Current Obsession: SOKO and AURORA

The thing about burying the people you’re closest to is that cemeteries assume new dimensions. Every patch of grass is personal and every gravestone a headboard, because you envision the ones you’ve loved sleeping peacefully below ground. Or rotting, depending on your mood. Grief is a gray area: you pray for inconsistency and secretly revel in its constant companionship because as long as you hurt, you’re still connected to those you miss.

In this headspace, two songs have been on constant rotation for me. And I do mean constant. The first is “Churchyard” by AURORA from her album Infections of a Different Kind (Step 1). The album is solid, front to back, but this particular song is blasting from my weak iPhone speakers in the morning during makeup application, through my car’s surround sound on the ride to work, and running through my head as I fall asleep. “He told me I belong in a churchyaARD. He told me I could walk away, but I wouldn’t get FaAR.” It’s the perfect pop song with sneaky substance that functions as the tie that binds. If I were Mary Tyler Moore, this would be my opening credit.

If I’m in a mellower mood, I lean on Soko’s “We Might Be Dead Tomorrow” from I Thought I Was an Alien. I encountered this amazing tune on the dark British comedy series The End of the F**cking World, which has one of the best soundtracks I’ve heard in a long time. Lots of midcentry soulful throwbacks and heartbreaking acoustic currents.

These two songs have been bookends for me this week. Some weeks are more challenging than others, but music is always there to provide context and solace; like when you heat metal–forcing the impurities to surface so they can be cleaned away, music makes the molecules move and friction makes the heat that purifies. As long as the sounds waves vibrate, everything is fine.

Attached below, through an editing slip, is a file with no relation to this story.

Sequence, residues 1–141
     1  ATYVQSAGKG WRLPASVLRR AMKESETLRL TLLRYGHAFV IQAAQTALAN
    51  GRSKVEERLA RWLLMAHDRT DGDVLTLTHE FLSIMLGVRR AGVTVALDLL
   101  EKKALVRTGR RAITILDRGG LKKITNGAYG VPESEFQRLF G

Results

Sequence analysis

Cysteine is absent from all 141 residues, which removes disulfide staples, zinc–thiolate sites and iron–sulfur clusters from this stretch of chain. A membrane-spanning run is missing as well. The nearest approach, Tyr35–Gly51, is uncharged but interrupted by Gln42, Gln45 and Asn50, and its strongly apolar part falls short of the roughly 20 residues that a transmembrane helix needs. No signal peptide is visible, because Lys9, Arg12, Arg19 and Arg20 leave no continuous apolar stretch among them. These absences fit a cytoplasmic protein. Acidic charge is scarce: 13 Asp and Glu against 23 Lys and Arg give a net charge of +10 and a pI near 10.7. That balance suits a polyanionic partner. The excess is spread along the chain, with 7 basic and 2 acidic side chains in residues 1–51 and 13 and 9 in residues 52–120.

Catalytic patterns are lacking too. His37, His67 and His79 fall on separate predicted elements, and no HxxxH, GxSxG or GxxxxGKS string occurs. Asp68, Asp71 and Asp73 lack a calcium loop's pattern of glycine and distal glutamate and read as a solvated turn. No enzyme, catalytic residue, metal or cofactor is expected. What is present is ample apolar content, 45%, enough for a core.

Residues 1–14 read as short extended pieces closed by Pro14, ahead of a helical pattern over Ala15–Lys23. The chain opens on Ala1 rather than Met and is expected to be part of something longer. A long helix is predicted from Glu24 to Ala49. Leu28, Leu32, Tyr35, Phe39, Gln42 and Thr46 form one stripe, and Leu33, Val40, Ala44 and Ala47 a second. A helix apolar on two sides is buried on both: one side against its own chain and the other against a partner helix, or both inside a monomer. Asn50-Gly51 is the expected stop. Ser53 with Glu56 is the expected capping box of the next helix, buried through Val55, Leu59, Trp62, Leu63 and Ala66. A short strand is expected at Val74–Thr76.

Daily Dose: AroarA, “#14”

What I love most about AroarA’s In The Pines is the album’s unpredictable intelligence. Each song could almost stand alone in genre and form, but instead of leading to incohesion they function like wind chimes–the longer they reverberate off one another, the more organic the sound becomes. With lead vocals that switch from feminine to masculine, tempos that consistently shift, and pared-down layers of instrumentation that pop in and out, In The Pines is weighted by a sense of whimsy that is playful yet commanding. Quintessentially Montreal in sound, so fun and eclectic that it’s impossible to be bored; a great Saturday in the city soundtrack.

Daily Dose: BIG DATA, “Dangerous (feat. Joywave)”

“Big data” is a term used to describe a monumentally massive volume of structured and unstructured data that is difficult to process using traditional database and software techniques. “BIG DATA” is a paranoid electronic music project from the Internet, formed out of a general distrust of technology and The Cloud.

Video is somewhat graphic (if your tolerance is low). For everyone else, an amazing cultural critique–especially for those of us having lunch in a cubicle.